Mistletoe: From Basic Research to Clinical Outcomes

By Mathias Kröz et al., May 2014

The importance of integrative medicine in oncological care is increasing in accordance with growth of its evidence base. In central Europe, white-berried mistletoe (Viscum album) preparations not only are among the most common types of treatments used in integrative medicine but also have been among of the most commonly prescribed cancer treatments in Germany per se in 2010.

By 2017, mistletoe preparations will have been used in the treatment of cancer patients for 100 years. The first recorded use in oncology was by the Dutch physician Ita Wegman who used a mistletoe extraction for the treatment of a breast cancer patient following a recommendation by Rudolf Steiner. 

The PubMed database alone lists more than 1,200 citations for “mistletoe,” with approximately 50 new entries each year. There are a multitude of laboratory-based studies demonstrating immune stimulation, cytotoxicity, proapoptotic effects, antiangiogenesis, and DNA stabilisation; animal experiments have found tumor-reducing effects. Recent observations of a potent anti-inflammatory effect of Viscum album via selective inhibition of COX-2 protein expression provide a further rationale for an antitumor role of mistletoe in view of the close relationship between cancer and inflammation. More recent research focuses on new mistletoe extracts that contain lipophilic components, that is, triterpenes, shown to have strong cytotoxic effects in mouse models.

Recent years have seen growth in the number and quality of clinical research studies on mistletoe therapy reporting improved patient outcomes, including studies of its coadministration alongside chemotherapy to reduce adverse effects and to improve quality of life in breast cancer, ovarian cancer, and lung cancer patients. Its clinical efficacy regarding tumor control and survival has been contested; other systematic reviews have been more positive, particularly with regard to health-related quality of life outcomes. A 2013 randomised-controlled trial reported an increase in median survival time for patients with pancreatic cancer. Further similar well-designed clinical trials on other cancer types are warranted.

Original publication: Matthias Kröz, Gunver Sophia Kienle, Gene Feder, Srini Kaveri, and Steven Rosenzweig, “Mistletoe: From Basic Research to Clinical Outcomes in Cancer and Other Indications,” Evidence-Based Complementary and Alternative Medicine, vol. 2014, Article ID 987527, 2 pages, 2014. doi:10.1155/2014/987527

Read the full article: http://www.hindawi.com/journals/ecam/2014/987527/

All news in this category

Waldorf Work in Progress - lecture series

The International Campus Waldorf (ICW) is an academic network of universities and institutions worldwide that offer Waldorf teacher education in... [more]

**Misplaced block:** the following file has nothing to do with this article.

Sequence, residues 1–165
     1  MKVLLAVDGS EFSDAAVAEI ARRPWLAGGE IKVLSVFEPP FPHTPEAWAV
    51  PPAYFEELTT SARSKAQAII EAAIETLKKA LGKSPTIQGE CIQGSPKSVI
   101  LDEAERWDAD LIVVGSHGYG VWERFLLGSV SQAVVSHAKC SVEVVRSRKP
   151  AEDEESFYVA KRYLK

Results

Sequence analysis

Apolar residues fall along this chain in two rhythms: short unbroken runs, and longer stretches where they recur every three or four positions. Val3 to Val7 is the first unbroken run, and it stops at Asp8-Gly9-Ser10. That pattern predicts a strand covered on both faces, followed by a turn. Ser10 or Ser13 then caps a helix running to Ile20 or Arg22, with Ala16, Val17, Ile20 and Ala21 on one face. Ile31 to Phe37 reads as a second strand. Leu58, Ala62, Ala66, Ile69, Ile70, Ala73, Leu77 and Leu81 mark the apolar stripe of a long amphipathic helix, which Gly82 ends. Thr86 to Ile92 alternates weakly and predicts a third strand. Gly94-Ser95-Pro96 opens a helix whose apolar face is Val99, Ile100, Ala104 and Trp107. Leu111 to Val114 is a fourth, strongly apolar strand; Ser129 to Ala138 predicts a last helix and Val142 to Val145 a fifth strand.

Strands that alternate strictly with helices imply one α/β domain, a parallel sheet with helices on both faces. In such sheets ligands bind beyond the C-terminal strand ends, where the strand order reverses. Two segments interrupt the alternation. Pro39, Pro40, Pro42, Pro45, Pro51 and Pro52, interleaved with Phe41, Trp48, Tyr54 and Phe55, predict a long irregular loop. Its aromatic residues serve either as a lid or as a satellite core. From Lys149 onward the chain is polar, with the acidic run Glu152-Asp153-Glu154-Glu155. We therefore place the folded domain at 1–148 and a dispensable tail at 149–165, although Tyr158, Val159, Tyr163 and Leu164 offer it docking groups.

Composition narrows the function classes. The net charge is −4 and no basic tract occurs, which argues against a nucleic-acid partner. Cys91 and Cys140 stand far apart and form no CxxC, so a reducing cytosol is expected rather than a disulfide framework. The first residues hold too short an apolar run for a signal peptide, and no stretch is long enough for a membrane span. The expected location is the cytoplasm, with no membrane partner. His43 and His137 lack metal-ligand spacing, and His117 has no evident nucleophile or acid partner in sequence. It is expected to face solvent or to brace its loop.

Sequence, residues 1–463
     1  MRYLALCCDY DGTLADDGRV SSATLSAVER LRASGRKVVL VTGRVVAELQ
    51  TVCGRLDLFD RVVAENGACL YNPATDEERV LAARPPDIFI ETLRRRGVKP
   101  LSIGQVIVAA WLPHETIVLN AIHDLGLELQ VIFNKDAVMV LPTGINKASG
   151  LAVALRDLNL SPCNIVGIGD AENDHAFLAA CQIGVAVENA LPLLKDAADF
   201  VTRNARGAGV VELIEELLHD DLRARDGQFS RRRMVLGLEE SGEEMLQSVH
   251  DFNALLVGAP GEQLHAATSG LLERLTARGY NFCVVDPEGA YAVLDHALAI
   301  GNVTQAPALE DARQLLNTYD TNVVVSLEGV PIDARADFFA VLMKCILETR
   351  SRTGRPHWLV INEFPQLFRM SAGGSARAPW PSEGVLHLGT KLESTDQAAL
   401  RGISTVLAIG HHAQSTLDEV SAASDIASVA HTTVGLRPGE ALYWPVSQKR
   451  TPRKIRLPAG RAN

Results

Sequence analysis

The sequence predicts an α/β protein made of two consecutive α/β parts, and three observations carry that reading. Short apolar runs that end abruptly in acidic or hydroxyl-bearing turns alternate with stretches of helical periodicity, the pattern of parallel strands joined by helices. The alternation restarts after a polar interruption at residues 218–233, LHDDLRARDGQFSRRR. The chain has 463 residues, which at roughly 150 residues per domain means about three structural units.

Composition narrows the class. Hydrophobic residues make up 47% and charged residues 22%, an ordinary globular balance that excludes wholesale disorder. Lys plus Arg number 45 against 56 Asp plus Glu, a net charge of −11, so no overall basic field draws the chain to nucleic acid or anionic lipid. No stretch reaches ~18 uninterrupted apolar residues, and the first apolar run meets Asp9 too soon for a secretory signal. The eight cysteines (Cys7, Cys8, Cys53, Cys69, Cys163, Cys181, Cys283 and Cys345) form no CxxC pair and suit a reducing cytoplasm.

The Waldorf Institute: a new training course in England

Since September 2021 Sven Saar and Alan Swindell have been leading the new seminar in Ringwood, South England, the largest course for aspiring... [more]

In memory of Dirk Randoll

It is with great dismay that we at the Pedagogical Research Centre have learned of the sudden death of Dirk Randoll on 8.12.2021. He was 64 years old... [more]

International Campus Waldorf

The International Campus Waldorf (ICW) is an online platform for students of Waldorf teaching programs and Waldorf teachers around the world. It... [more]

A eurythmy education project comes to an end

For 16 years there was the school practical qualification Eurythmy Teacher Bachelor of Dance/Eurythmy in Education as a one-year international... [more]

School closures are not evidence-based and harm children

An editorial by Sarah J. Lewis, Alasdair P.S. Munro, George Davey Smith and Allyson M. Pollock entitled »Closing schools is not evidence-based and... [more]

Eurythmy Webinars and Eurythmy4you Self Help Kit

Due to the corona crisis shutdown,  Eurythmy4you  has been offering free online webinars with eurythmy since 23 March 2020 to strengthen body... [more]

Declaration of the Asian Waldorf Youths

From all participants of the First Asian Waldorf Youths Conference at Panyotai Waldorf School, Bangkok, Thailand. [more]

Whither Waldorf?

Special issue about the future of Waldorf education. Translated for our english readers. [more]

Every cloud has a silver lining – the future of Steiner Schools in England

Many Steiner schools in England have come in for serious criticism of their practices in recent inspections by the schools inspectorate Ofsted.... [more]

Displaying results 1 to 10 out of 130

Page 1

Page 2

Page 3

Page 4

Page 5

Page 6

Page 7

Next >

Follow